A deeply divided electorate delivered a split verdict on President Trump
’s first two years in office on Tuesday, one that reflects growing chasms along geographic and ideological faults.
On one hand, suburban voters delivered a stern rebuke to an unpopular president, ousting both Republican incumbents who had embraced Trump and those who had sought to distance themselves. Democrats made big gains in Midwestern gubernatorial races, a step in the direction of rebuilding once-favorable political terrain that Trump had claimed.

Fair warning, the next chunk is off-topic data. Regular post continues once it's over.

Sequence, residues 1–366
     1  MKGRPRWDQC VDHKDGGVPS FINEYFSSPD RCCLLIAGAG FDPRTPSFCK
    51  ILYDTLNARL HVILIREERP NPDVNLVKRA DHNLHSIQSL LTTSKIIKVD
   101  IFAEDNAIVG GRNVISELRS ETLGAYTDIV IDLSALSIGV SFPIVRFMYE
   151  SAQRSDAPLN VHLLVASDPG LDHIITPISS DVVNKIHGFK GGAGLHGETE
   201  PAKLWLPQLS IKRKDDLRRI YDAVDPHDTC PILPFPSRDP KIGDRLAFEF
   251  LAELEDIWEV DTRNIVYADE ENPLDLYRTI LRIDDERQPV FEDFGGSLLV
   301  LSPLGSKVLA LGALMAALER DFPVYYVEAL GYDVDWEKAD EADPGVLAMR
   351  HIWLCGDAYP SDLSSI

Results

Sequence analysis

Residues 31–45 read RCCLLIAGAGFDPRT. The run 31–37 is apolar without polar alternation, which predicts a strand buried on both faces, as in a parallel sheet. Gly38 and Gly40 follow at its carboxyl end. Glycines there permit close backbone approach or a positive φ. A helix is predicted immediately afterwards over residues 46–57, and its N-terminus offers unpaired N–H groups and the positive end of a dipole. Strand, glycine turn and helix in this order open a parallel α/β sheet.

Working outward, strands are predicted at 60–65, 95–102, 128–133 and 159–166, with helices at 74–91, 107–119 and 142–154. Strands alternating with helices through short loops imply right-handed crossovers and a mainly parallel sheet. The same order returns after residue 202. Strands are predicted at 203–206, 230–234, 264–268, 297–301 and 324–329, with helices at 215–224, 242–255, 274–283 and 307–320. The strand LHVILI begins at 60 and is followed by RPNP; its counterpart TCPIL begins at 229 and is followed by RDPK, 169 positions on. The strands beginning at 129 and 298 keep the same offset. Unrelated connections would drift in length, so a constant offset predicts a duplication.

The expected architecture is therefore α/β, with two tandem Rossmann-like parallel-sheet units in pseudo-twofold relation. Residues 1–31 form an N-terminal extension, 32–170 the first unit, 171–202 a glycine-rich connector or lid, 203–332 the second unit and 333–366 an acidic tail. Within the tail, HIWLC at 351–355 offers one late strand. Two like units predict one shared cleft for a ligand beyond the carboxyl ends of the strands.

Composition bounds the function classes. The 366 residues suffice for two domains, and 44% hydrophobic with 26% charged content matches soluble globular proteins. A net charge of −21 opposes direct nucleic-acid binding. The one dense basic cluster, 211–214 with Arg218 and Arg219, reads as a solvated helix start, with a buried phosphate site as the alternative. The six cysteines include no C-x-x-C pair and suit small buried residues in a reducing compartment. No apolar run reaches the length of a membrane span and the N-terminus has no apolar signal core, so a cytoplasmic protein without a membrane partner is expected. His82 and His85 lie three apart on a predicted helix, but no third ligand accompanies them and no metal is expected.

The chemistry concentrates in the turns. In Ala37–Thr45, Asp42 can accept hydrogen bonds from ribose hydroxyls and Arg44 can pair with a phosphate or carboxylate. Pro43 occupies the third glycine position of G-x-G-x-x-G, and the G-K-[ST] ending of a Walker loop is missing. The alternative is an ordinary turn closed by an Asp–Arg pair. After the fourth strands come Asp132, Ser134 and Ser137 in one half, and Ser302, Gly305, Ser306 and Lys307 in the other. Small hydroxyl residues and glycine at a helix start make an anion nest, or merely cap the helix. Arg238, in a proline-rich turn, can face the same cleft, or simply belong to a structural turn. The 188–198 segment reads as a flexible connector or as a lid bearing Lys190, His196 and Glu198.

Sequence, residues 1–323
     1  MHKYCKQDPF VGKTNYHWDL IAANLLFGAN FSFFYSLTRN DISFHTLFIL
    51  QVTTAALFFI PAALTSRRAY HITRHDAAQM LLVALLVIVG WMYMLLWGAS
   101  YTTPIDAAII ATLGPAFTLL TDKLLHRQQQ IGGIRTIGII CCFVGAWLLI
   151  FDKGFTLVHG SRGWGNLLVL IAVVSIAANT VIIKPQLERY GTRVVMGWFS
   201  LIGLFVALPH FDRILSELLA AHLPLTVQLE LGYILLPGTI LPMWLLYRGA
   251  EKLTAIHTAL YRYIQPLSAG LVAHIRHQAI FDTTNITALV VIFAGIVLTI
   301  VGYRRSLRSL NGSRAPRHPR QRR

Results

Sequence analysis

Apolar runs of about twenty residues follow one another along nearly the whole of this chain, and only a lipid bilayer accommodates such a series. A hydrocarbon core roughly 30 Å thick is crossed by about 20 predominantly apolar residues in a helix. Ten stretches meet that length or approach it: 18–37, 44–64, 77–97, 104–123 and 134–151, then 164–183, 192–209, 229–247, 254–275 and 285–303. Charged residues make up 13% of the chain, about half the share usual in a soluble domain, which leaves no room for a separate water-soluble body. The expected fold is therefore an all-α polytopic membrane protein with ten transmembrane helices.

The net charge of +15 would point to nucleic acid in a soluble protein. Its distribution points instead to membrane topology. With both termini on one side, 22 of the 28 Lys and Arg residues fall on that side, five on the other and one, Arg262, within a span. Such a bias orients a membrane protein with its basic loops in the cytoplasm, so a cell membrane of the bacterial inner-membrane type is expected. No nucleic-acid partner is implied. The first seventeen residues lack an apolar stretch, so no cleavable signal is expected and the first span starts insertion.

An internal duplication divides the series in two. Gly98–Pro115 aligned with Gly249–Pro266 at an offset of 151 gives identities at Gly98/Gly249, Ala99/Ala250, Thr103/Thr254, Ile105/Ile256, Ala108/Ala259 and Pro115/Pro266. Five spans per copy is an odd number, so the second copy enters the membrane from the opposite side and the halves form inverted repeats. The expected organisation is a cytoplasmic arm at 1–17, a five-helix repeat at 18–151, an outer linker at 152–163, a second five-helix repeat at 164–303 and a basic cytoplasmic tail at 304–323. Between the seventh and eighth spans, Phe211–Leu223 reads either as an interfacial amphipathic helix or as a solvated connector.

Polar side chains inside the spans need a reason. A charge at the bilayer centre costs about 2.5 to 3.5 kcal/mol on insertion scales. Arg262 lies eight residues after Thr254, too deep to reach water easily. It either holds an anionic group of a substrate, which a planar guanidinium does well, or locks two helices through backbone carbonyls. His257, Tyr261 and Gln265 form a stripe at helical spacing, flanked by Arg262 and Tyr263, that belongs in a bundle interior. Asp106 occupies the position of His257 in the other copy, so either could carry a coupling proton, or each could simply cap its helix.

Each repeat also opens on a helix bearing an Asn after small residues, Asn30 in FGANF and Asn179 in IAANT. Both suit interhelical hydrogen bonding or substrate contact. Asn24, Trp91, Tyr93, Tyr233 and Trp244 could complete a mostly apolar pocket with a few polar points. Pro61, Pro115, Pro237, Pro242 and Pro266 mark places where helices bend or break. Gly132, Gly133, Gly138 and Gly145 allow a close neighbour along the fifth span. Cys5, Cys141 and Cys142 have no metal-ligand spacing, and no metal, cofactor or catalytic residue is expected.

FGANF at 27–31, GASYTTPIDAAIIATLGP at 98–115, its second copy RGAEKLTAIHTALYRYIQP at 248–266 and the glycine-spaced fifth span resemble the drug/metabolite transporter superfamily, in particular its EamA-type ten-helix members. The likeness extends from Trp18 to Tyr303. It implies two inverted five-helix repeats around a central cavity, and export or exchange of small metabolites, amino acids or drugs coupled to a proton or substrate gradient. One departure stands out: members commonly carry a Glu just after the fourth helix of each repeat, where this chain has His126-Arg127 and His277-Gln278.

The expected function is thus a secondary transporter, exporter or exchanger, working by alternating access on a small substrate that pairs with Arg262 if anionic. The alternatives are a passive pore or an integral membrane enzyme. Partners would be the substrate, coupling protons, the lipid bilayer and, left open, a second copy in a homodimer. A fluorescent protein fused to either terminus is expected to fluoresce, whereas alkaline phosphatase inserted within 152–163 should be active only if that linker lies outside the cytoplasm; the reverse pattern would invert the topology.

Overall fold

On the other hand, rural voters stormed to the polls in virtually unprecedented numbers, delivering once again for the president they voted for in 2016 in a handful of critical Senate and gubernatorial elections in ruby red states.
“We’ve got some big schisms out there,” said Rep. Tom Cole
(R-Okla.), who won reelection in an exurban and rural district on Tuesday. “Rural America’s much more Republican than ever before.”
Exit polls showed three-quarters of voters said Americans are becoming more divided.